See also: Cu, Copper (homonymy)
Characteristicsreddish Metal of color, it has high a thermal Conductivité and electric (with room temperature, only pure metal having a better electric conductivity is the Argent). Its reddish color differs it as well as gold by the generally gray color from metals. Copper could be the first metal well used, since parts going back to 8700 before J. - C. were found.
- Hardness: 3.5-4.5
- Density: 8.93
- Cleavage: absent
- Fracture: scaly
- Rupture: ductile (few impurities or insoluble impurities) or breakable (soluble impurities like Phosphorus)
- Color of the powder: red metallized
- Glare: metal
- Fluorescence: no
- Class: element
- crystalline System: cubic with centered face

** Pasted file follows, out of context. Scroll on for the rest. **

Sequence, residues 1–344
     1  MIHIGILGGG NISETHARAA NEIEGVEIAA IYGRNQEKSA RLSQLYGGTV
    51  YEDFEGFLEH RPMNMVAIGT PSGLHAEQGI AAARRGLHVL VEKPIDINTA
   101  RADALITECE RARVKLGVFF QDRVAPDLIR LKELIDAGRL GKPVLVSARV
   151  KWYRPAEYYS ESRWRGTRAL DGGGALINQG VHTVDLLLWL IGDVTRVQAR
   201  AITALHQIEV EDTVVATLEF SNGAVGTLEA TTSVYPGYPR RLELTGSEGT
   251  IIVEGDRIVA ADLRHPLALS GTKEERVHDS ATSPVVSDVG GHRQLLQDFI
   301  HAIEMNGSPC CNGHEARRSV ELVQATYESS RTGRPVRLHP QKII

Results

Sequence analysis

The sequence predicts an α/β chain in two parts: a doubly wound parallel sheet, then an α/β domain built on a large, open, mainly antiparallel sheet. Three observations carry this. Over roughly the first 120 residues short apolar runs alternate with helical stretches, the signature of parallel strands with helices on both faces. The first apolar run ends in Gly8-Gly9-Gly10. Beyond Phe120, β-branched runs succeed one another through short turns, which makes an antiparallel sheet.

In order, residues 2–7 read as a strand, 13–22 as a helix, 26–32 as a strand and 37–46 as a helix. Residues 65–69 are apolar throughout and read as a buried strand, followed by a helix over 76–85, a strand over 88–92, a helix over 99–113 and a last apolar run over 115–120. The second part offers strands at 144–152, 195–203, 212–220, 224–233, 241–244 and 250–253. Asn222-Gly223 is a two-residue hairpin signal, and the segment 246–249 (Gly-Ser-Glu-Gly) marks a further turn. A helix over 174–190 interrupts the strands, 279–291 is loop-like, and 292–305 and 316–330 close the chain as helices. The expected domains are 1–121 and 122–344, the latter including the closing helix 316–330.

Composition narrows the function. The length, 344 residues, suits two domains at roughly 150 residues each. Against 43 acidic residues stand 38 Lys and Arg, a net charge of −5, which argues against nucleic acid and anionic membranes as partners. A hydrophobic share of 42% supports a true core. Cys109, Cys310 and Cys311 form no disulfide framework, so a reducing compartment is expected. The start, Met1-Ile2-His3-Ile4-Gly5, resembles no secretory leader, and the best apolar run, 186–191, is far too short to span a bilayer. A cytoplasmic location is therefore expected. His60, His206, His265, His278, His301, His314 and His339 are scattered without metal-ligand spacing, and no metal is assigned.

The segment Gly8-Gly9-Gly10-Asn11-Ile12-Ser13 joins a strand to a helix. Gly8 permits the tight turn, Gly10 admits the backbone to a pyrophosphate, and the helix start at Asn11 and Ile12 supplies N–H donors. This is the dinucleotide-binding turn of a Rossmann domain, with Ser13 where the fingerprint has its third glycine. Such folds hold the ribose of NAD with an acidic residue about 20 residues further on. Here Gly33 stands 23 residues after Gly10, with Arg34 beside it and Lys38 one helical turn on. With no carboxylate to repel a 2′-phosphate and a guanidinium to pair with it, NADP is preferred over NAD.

See also: Extraction of copper
Copper is one of rare metals which exists in a native state. This fact besides probably explaining that it was the first metal used by the men. The occurrence of native copper is however rather weak. One most frequently finds it in the form of sulfide or of sulpho-salt.
the énergite 3Cu2S, As2S5
Mélancolise or CuO tenorite, of black color.
- Cuprous oxide or Cuprite: Cu2O, of red color.
Azurite: 2CuCO3, Cu (OH) 2
- Malachite: CuCO3, Cu (OH) 2
Chrysocolla: SiO4Cu, 2 H2O
Sulfate and chloride
Brochantite: Cu4 (SO4) (OH) 6
- Atacamite: Cu2Cl (OH) 3
Metallurgy and refining(to be supplemented)
The industrial Affinage of copper is carried out by electrolysis black copper anodes in a copper sulfate solution. The Ions copper migrate towards the Cathode and the impurities remain in the bath. This process makes it possible to obtain pure Métal to 99,95%